Choose a kettlebell and hold onto it with both hands. Keeping your feet shoulder-width apart and your back straight, hinge at the hips while swinging the kettlebell between your legs and then outwards. You should feel your muscles working in your glutes and core. Continue for 45 seconds followed by 15 seconds of rest.

Burpees

Burpees are excellent bodyweight exercises that also get your heart rate up. Start by assuming a pushup position, with your arms outstretched and toes on the ground. Bring your feet between your arms, stand up, and jump as high as you can, before going back into a pushup position. For an extra challenge, add a pushup to each burpee. Continue this movement over the course of 60 seconds, followed by 20 seconds of rest.

Examples of Metabolic Training Exercises To Try

Tips for Metabolic Training

Follow these five tips to get the most out of your metabolic training plan.

1. Give It Your All

Just doing exercise intervals at half capacity doesn’t qualify as metabolic conditioning. To maximize your metabolic rate, you really have to put in 100% effort while completing exercises. How do you know if you’re giving it your all? You should feel your muscles burning by the end of a repetition, followed by afterburn. The afterburn upon completing a repetition is a result of excess post-exercise oxygen consumption, signaling that you’re pushing your body hard. Towards the end of a workout, the body should be fatigued and nearly unable to keep going.

2. Engage the Entire Body

In general, a metabolic workout is dynamic and challenges the entire body. You can design a full-body metabolic workout to hit all muscle groups, or you can do a metabolic workout focusing more on the upper body or lower body.

3. Always Warm-Up

Nothing spells out “injury” more than throwing a stiff body into a maximum-intensity lunge and overhead press with weights. Always do at least five minutes of warm-ups before diving into high-intensity exercises.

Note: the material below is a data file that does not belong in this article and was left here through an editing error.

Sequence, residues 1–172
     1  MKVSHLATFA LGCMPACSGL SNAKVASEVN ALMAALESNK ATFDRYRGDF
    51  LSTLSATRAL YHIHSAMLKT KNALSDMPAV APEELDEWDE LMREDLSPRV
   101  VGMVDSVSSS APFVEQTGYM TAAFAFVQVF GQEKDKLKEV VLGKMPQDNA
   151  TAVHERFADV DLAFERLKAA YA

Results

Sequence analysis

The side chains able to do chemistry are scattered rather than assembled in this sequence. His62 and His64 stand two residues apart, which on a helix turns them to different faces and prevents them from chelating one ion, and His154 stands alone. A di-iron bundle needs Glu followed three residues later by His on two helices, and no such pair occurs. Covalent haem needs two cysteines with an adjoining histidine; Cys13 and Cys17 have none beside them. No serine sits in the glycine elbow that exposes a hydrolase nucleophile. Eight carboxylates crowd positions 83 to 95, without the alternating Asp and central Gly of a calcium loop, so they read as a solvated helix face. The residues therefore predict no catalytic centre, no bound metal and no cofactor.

Here are a few good warm-Up options:

  • Jumping while trying to get your knees as high as possible
  • Running in place
  • Toe touches
  • Core twists

4. Start Slow

If you’re new to metabolic training or working out, don’t try to do a full hour workout with intervals of 60 seconds exertion and 15 seconds of rest. Instead, first complete a 15-minute workout with intervals of exertion set to 45 seconds, with 15 seconds of rest. Stick to bodyweight exercises and focus on putting in full effort. Over time, you can build up your strength and increase the time on periods of exertion.

5. Attend a Workout Class

If you’re new to working out, attending a workout class can be helpful for learning new exercises that you can then implement on your own. CrossFit training and HIIT classes can help you get a feel of high-intensity exercise. However, any workout class will help you get familiar with different weights, equipment, and moves, and give you ideas for creating your own workout.

A certified personal trainer is also a helpful resource for learning new exercises and designing metabolic workout plans.

Proper Nutrition for Metabolic Training

Because of the high intensity that a metabolic training program entails, it is absolutely crucial to ensure that nutrition supports recovery. This means properly fueling your workouts and properly refueling after a workout. The pillars of proper nutrition for metabolic training involve carbs, essential amino acids, a variety of whole foods, and proper hydration.

Carbs Are Friends

When you’re going for maximum-intensity workouts, you need fuel. Carbs are broken down into sugar molecules that the body uses for immediate energy. Without carbs, your maximum energy output will be much lower than with carbs. Eating your carbs a couple hours before a workout will give your body sufficient time to break down carbohydrate molecules into useable energy. Just make sure that you’re choosing the right kinds of carbs as fuel.